Whether you’re looking for a summer job or your first full-time position, a CV is your key to the working world. As a student or graduate with limited or no work experience, you’re probably wondering how to create a resume that will showcase your talents, even though you’re only just beginning your journey as a tech employee. Have no fear – it can be done!
A good resume can make all the difference when it comes to distinguishing yourself from other candidates and landing an interview with a company that’s caught your eye. Here is our advice on how to stack the odds in your
determine your career objectives
As a student you likely had a career path in mind when you chose computer science. What was it? Where do you want to be in 5 years, or in 10 years? If you’re in need of inspiration, take a look at some online job postings and see if you gravitate towards a particular type of position. Once you’ve found “the one,” it will be easier to describe your career objectives in your CV.
Be mindful while describing these objectives – you need to make sure that they align with the realities of IT career progression. If you’re looking to be the chief technology officer of a multinational video game company before the age of 25, recruiters won’t find that particularly realistic. Don’t cast your ambitions aside, but make sure to put forth objectives that demonstrate a proper understanding of the IT job market.
what are your strong points, technologically?
During your studies, you likely distinguished yourself from your peers with a particular skill or aptitude. For example, you may have been the go-to person for solving internet connectivity issues, or the one team member who always thought up innovative ideas for web development projects. These qualities are essential to include in your resume, as they demonstrate important strengths related to the tech sector.
To pinpoint these strengths, make a list of projects you’ve worked on with other students and try to remember a situation in which you made a significant contribution. These talents deserve to be included in your CV.
here are a few examples:
- excellent capacity for solving computer problems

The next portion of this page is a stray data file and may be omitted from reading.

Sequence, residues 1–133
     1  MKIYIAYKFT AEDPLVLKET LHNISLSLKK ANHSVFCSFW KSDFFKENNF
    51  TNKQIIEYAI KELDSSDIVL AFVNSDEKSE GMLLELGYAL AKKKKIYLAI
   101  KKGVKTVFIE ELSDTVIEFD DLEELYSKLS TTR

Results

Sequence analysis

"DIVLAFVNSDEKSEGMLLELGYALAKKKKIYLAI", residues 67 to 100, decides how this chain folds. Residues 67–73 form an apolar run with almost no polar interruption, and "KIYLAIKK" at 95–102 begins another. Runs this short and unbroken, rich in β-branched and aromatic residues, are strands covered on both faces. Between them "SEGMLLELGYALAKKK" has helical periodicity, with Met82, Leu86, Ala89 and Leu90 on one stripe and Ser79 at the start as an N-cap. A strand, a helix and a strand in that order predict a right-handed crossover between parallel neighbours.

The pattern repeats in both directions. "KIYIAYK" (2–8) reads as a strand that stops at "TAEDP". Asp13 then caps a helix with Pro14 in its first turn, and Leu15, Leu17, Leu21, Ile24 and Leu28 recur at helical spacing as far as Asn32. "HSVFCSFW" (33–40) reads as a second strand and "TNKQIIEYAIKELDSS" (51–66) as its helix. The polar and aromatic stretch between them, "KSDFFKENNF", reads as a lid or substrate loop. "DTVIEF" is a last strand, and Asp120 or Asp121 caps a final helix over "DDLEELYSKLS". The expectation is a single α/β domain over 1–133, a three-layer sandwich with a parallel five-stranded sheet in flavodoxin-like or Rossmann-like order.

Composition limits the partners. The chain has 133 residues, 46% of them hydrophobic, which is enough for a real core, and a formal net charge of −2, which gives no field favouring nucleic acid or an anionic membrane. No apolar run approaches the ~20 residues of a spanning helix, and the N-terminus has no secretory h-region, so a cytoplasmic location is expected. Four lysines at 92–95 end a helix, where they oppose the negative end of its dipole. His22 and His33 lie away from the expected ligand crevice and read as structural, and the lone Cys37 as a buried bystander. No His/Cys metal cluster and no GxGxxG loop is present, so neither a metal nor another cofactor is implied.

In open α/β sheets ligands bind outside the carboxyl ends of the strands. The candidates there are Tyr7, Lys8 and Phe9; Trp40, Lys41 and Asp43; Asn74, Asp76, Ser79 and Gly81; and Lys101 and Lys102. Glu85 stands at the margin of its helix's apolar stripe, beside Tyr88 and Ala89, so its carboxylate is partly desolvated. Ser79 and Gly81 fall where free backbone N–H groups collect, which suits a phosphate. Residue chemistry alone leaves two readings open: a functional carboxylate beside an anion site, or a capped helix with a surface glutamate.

- strong interest in researching and developing innovative solutions
- ability to quickly learn new programming languages
consider all of your IT accomplishments
To prove that you’re the right person for the job, you need to showcase all of your relevant involvement in tech-related projects. If you handle tech support for an organization, mention it. If you developed a computer program for a community group, describe it. Extracurricular contributions to projects that overlap with your field of study are tangible proof of your motivation to work in IT.
Some IT freshers and students also participate in contests, like Hackathons, or startup-specific events like Startup Day, Startupfest, or Vancouver Startup Week. Each of these experiences is highly relevant, so make sure to talk about the skills that helped your team succeed and the prizes or awards that you won.
A few examples of achievements you could include in your resume:
- technological contributions or support through volunteering
- development of digital tools or web platforms for an organization
- participation in tech contests and festivals
When describing these projects, tie them in with the skills that are required for the job you want to land. The clearer the connections, the better your chances are of being perceived as a strong candidate.
tip: at the start of your resume, list the platforms and softwares you know how to use. this will provide a quick, clear snapshot of your technical skills.
does my entire resume have to fit on one page?
As an IT studentsand new grad, you aren't expected to have tons of experience to put on your resumes, but that’s no reason to oversimplify the experience you do have.
If certain projects call for a more detailed description, you should provide one, even if that means adding a second page. The people reading your resume want to know what you can accomplish – so don’t leave them hanging!
the importance of including dates
No matter your level of experience, you need to be precise when providing dates on your resume. If you write “summer internship: developed a transactional website,” people will want to know how much time you spent working on the project. Was your internship 2, 3, even 4 months long?
remember: always include the month, not just the year, when writing dates.
As you can see, there are many ways for you to create a compelling resume, even if you’re fresh out of school. For more tips, you can check out our article Student edition: how to write an awesome resume.